I broke with tradition this past weekend.
Saturday has always been reserved for my longest run of the week. Several years ago, that meant a 13-mile loop, my own little weekly half-marathon. In more recent years, Saturday runs have typically ranged about five or six miles.
This weekend I did only four. To a non-runner, that distinction may sound trivial, but to me it was significant, because I can run four miles any old day. Five miles was my weekly “stretch goal.”
Five miles isn’t even that long a run, but in the past year or two, I’ve found that distance to present a reasonable challenge to me. My pace has slowed down recently for no clear reason, and although I’m still embarrassed that I clock a more-than-ten-minute mile, the fact is that being out for more than an hour robs me of more of my Saturday than I wish to give up, and that was one reason not to push myself beyond five miles.
But yesterday I didn’t even feel like doing that much. I tend to cleave to routine; it was a big deal for me to admit to myself that I just didn’t see any great benefit to running five miles as opposed to four. In earlier years, I found it so exhilarating to build my mileage; it seemed the longer I ran, the better I felt afterwards.
These days that doesn’t really seem to be the case, though. As long as I’m out for 45 minutes or more, I feel well-exercised and challenged, but more than five miles feels more arduous than exhilarating. And as far as weight control and other fitness factors, running longer doesn’t seem to make any discernible improvement.
Mostly, though, on Saturday it was that I wanted to go for a long bike ride later in the day. I could have done both, of course – a long run in the morning, a long bike ride in the afternoon – but I figured this was a chance to give myself a bit of a break, and shave that last mile off my run in good conscience, knowing I’d make up for it from a fitness perspective on my bike later on.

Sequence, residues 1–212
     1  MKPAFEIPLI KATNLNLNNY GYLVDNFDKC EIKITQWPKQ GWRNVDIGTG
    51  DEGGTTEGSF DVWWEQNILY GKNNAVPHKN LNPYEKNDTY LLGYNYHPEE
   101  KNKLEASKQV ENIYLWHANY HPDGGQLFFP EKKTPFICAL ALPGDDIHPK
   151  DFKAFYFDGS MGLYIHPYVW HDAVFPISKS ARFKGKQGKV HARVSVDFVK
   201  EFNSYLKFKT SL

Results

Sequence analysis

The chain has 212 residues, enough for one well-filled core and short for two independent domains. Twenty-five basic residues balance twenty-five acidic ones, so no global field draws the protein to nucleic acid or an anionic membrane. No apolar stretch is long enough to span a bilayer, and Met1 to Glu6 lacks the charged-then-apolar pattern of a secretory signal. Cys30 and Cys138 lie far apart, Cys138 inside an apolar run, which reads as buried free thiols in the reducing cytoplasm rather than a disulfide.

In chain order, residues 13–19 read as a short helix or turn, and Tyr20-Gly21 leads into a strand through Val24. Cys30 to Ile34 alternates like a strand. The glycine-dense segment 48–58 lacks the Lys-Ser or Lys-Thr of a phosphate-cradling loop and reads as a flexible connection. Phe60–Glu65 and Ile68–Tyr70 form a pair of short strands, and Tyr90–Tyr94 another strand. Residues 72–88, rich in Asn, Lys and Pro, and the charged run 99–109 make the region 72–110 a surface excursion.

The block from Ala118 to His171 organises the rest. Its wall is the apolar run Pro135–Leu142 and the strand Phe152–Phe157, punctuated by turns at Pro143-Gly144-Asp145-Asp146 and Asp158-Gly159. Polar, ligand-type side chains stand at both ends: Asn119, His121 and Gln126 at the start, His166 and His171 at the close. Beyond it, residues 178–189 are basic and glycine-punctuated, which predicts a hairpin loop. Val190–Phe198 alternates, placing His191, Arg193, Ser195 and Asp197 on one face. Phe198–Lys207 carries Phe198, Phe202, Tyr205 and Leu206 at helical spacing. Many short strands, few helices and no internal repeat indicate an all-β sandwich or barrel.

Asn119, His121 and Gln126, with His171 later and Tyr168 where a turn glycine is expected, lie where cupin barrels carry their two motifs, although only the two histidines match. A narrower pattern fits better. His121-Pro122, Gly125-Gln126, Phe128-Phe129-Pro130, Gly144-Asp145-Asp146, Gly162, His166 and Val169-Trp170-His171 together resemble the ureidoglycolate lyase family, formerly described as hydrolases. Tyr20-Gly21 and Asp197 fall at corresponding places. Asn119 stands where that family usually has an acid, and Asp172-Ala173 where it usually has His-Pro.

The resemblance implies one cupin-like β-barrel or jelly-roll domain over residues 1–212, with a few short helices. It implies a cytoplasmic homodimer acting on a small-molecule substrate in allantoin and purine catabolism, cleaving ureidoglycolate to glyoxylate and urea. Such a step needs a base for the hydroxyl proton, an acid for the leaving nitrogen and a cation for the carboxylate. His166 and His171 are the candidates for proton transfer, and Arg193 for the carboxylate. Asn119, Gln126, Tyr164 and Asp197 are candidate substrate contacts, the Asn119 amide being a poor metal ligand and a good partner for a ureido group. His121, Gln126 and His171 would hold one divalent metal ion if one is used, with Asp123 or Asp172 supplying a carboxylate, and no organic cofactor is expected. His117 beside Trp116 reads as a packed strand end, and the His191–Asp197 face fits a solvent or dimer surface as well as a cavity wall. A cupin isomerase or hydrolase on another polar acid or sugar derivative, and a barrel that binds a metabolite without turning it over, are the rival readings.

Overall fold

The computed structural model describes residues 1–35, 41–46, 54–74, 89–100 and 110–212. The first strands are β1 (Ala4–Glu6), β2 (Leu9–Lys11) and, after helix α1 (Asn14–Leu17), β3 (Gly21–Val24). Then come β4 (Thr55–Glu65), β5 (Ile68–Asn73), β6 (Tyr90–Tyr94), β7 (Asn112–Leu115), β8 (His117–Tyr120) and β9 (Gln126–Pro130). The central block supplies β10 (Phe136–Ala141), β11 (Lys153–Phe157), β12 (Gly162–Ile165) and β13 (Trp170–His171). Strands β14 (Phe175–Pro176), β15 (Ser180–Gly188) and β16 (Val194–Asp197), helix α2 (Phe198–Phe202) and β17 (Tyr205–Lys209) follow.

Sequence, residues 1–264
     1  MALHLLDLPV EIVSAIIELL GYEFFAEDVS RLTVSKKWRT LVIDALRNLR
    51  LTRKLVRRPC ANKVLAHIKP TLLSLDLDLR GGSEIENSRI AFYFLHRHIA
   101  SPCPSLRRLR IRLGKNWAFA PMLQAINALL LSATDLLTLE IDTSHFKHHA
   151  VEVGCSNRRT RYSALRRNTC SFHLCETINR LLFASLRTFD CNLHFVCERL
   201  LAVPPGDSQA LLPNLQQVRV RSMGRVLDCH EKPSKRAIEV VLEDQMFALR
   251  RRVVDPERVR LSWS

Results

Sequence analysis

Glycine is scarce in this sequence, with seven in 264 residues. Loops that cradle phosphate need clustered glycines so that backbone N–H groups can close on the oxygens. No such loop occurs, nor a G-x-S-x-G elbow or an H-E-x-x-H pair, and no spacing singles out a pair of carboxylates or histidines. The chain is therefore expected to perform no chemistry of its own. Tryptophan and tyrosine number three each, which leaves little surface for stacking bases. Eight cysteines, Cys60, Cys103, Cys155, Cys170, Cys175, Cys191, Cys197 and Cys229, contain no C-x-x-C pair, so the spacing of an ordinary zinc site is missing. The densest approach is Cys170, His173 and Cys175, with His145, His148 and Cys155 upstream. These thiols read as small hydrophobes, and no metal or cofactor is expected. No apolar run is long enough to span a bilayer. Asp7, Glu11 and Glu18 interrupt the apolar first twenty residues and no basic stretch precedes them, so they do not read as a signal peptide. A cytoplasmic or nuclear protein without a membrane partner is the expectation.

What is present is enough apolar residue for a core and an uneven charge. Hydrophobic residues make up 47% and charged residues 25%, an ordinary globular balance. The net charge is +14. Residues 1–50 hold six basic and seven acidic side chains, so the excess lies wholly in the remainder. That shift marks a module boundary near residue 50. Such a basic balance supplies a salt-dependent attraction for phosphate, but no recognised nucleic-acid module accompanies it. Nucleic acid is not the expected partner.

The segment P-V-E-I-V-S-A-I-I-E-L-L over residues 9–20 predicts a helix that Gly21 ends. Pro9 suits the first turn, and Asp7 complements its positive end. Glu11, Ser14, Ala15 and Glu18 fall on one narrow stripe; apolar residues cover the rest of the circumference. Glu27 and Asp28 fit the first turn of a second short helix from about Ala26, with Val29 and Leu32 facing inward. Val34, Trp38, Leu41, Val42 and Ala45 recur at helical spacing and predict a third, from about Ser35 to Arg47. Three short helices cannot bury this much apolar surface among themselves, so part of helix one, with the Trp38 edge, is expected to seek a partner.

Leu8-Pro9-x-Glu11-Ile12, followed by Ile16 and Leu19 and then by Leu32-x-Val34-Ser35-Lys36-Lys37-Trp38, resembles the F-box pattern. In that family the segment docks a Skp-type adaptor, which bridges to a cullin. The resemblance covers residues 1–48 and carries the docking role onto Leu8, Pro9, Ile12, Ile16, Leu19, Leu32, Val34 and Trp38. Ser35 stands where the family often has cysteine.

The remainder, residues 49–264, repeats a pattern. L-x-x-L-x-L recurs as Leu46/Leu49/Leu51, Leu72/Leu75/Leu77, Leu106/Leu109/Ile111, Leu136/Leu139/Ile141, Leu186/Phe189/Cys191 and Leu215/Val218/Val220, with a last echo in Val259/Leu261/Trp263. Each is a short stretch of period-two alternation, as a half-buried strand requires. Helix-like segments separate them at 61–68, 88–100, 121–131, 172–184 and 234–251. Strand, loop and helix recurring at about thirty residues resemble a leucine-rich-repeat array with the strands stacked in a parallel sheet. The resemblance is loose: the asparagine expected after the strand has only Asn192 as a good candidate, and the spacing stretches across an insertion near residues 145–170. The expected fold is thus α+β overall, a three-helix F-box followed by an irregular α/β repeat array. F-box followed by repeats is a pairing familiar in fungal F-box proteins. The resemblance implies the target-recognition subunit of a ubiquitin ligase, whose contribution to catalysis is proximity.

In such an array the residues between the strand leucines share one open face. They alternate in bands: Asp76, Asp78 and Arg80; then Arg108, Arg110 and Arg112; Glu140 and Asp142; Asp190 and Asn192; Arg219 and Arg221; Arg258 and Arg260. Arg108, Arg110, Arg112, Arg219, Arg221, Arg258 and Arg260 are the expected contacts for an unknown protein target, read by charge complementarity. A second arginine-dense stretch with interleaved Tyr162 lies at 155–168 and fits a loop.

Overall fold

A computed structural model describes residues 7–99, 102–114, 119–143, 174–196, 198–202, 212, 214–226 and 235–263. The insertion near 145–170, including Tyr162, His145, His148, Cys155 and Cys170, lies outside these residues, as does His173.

“Streak runners,” those of us committed to running 365 days a year without ever taking a day off, are by definition compulsive about running. I’m the first to admit that streak running is a silly pursuit, one important and relevant only to those of us who practice it, as I have been doing for the past three years and eleven months. Physically, there’s no significant advantage to running seven days a week rather than six, just as there’s no significant advantage to running five miles rather than four. Not for me anymore, anyway.
And acknowledging this to myself felt more like liberation than like a compromise. True, I’m not as strong a runner as I once was, and that’s part of what was driving my decision to cut back on Saturday. But I’m also not as driven by routine as I once was. I used to believe I had to run as far as I possibly could at least once a week. But whether it’s a sign of emotional maturity, physical aging or just a relaxing of standards, this past weekend I didn’t feel that way. I wanted to put in my 45 minutes, enjoy my four miles, and save some energy and excitement for an afternoon bike ride. It’s good to have a solid commitment and steadfast habits when it comes to exercise, but it’s good to waive them once in a while too. The run was fun; the bike ride was even better. And the freedom from feeling like I had to push myself to the max was the best part of it.